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Macron's security law plan under fire as state of emergency criticised

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Soldiers on patrol at Paris's Eiffel Tower last year Reuters/Philippe Wojazer

France's highest legal body has ordered a redraft of a much-used measure in the country's state of emergency as President Emmanuel Macron's government prepares to turn several of its provisions into law.


The Constitutional Council found that the state of emergency gives too much power to prefects – representatives of the state in a department or region – to ban individuals “seeking to obstruct the authorities’ activities” from certain places at certain times and said that it should be amended to protect individual freedoms.

The state of emergency, which has been extended five times, was introduced after the November 2015 Paris attacks.

But the provision has been used 639 times to prevent people taking part in demonstrations that have no connection with terrorism, in most cases protests against the last government’s labour reform and on climate change, according to UK-based rights group Amnesty International.

The plaintiff who brought the case to the Constitutional Court’s attention was banned from parts of Paris on the day of a major march against labour reform last year.

The top court complained that the measure can be used without “necessarily being justified by the need to prevent a breach of public order”, since the suspicion of “obstruction” is sufficient reason to issue such an order.

Draft security law sparks rights row

The government plans to extend the state of emergency again in July, although when he was elected Macron said he hoped to do away with it eventually.

But the government's draft of a new security bill, leaked to Le Monde newspaper, would make several currently temporary measures permanent.

The bill would enable prefects or the interior minister to implement a number of controversial measures without a judge's permission, as long as they connected to the fight against terrorism.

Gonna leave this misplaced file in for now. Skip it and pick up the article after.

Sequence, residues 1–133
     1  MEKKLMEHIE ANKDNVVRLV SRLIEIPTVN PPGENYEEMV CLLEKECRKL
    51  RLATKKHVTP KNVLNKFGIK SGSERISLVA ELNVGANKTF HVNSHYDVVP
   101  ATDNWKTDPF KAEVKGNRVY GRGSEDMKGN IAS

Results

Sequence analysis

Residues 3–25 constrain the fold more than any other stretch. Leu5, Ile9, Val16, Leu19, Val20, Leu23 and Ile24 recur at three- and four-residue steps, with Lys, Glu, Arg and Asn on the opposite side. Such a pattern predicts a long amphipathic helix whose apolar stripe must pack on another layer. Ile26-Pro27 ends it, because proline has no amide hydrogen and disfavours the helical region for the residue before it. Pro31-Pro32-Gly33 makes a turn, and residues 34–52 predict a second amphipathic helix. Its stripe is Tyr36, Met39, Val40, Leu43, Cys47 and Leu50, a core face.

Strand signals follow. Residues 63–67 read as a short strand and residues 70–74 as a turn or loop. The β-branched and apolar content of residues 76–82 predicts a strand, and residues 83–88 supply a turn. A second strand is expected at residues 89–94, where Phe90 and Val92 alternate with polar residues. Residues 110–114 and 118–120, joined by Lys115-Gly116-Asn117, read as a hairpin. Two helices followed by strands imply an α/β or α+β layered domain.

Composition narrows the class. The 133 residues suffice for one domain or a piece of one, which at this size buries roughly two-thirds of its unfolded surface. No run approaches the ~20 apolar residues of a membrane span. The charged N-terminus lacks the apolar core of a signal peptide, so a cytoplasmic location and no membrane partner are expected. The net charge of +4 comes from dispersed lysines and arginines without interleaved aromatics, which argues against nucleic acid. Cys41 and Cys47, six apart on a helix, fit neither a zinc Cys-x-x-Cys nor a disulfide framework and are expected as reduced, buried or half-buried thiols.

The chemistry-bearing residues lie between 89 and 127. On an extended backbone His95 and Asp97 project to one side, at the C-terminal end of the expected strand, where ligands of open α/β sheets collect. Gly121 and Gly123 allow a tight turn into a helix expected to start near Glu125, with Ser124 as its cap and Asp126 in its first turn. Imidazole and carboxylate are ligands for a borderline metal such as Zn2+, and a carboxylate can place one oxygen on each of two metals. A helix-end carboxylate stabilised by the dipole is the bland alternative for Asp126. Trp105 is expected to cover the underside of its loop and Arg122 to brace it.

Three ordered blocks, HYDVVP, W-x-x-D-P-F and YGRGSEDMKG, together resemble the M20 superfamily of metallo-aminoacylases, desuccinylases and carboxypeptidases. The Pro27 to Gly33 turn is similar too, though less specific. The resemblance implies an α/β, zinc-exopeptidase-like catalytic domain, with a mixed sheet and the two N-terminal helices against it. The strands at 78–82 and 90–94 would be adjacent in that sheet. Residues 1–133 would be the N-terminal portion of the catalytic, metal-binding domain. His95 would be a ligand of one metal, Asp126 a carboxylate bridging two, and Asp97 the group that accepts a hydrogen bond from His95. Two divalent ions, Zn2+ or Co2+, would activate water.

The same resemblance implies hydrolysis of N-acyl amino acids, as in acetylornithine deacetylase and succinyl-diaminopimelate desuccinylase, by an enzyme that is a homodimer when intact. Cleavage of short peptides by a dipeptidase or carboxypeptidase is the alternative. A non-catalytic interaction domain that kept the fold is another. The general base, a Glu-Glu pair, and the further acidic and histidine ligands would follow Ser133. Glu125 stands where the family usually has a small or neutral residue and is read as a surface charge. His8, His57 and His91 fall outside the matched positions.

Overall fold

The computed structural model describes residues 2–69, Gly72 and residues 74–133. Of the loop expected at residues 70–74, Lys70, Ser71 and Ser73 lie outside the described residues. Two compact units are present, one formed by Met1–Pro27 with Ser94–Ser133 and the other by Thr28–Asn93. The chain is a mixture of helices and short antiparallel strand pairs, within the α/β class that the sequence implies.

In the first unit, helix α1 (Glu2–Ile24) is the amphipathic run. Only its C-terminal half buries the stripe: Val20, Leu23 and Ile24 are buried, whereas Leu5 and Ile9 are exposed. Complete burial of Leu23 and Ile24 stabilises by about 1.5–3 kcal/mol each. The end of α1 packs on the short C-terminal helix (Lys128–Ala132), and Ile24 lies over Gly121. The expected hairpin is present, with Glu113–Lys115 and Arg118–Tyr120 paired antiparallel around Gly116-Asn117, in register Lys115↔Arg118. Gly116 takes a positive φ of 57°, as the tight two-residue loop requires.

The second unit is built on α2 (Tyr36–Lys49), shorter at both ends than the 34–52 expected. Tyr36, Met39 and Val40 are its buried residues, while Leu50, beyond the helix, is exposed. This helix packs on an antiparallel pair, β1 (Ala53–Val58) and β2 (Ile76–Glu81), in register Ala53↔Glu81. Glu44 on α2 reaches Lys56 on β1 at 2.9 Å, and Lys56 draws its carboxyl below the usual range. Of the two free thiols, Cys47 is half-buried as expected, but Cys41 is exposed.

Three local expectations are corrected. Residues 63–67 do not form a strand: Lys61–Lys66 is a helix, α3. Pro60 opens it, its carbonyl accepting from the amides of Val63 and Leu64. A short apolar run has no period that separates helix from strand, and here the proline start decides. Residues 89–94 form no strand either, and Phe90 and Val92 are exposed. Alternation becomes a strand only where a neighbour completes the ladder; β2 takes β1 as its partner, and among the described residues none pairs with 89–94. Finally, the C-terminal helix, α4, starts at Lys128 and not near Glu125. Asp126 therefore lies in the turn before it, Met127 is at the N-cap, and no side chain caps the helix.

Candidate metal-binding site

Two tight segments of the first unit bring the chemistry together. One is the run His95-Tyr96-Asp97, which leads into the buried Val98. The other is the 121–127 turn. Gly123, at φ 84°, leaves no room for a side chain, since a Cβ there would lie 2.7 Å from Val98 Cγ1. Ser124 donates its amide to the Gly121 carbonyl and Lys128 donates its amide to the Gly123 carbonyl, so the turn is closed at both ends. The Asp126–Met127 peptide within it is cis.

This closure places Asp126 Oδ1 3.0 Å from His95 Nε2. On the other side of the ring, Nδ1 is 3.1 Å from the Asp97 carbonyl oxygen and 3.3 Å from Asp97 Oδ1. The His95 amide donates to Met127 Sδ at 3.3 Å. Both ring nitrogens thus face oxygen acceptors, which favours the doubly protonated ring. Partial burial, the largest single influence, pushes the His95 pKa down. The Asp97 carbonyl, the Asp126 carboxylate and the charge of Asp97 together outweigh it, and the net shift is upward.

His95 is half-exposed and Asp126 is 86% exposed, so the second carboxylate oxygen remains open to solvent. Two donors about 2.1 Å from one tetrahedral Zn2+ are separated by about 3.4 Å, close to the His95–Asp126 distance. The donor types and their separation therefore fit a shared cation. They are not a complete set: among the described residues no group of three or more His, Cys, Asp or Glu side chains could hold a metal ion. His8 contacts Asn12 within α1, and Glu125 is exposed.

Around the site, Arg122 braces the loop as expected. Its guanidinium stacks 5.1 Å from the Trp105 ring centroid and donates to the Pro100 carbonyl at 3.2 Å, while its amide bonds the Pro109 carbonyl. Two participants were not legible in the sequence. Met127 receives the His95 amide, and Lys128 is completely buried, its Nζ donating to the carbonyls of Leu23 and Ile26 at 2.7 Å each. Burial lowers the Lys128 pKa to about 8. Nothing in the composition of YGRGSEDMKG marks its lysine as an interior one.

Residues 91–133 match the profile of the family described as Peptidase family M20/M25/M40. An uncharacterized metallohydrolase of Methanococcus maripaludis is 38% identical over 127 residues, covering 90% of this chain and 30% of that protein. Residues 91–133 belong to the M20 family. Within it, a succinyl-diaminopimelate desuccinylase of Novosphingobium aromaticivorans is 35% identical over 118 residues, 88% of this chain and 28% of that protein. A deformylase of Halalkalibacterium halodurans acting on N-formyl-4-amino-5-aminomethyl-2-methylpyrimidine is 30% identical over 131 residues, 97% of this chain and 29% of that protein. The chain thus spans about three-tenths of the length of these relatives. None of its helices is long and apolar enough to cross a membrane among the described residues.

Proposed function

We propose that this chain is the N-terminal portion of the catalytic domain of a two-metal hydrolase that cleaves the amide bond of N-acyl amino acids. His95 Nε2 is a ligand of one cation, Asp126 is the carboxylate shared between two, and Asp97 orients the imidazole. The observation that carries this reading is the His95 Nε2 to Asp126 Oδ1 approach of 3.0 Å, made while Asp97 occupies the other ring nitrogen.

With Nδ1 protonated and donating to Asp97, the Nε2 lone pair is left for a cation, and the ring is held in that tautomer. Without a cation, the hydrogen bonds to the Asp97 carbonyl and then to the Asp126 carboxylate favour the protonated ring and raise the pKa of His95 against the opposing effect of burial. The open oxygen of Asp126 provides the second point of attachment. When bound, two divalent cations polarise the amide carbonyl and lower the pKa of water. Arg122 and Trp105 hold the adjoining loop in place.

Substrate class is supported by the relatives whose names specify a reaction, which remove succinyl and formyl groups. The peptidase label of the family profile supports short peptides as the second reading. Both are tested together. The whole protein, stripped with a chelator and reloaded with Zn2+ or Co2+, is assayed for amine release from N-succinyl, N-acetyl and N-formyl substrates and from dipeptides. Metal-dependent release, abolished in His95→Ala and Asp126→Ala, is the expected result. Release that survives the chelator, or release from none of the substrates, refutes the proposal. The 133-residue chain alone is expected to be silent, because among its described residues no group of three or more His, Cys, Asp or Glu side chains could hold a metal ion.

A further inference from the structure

They include house arrests, searches of premises, the closure of places of worship and the declaration of "protection and security zones" where police could carry out indentity checks and body or vehicles searches, the paper reports.

It also proposes that suspects placed under house arrest could be ordered to provide police with their passwords for mobile phones, internet connections and social media and that the interior minister can order the electronic tagging of suspects.

Rights campaigners slammed the proposals, the Human Rights League commenting that "France would enter permanently into a regime of exception", while Amnesty declared that the authorities "have learned no lessons from the serious excesses brought about by the state of emergency".

Magistrates' unions promised to fight the "scandalous" plan, although one police union has welcomed it.

PM stresses anti-terror fight

Prime Minister Edouard Philippe refused to comment on the leaked draft before it has been discussed by the cabinet, which should be on 21 June.

But he said that the government wants to give more powers to the police "exclusively in connection with the struggle against terrorism, in condtions clearly defined by the law".

That did not reassure hard-left former presidential candidate Jean-Luc Mélenchon, who claimed that "it is not true that adminstrative heavy-handedness makes us more efficient".

And the far-right National Front accused the government of wanting to make the state of emergency permanent, while not tackling the "basic problem, which is not simply terrorism but radical Islamism".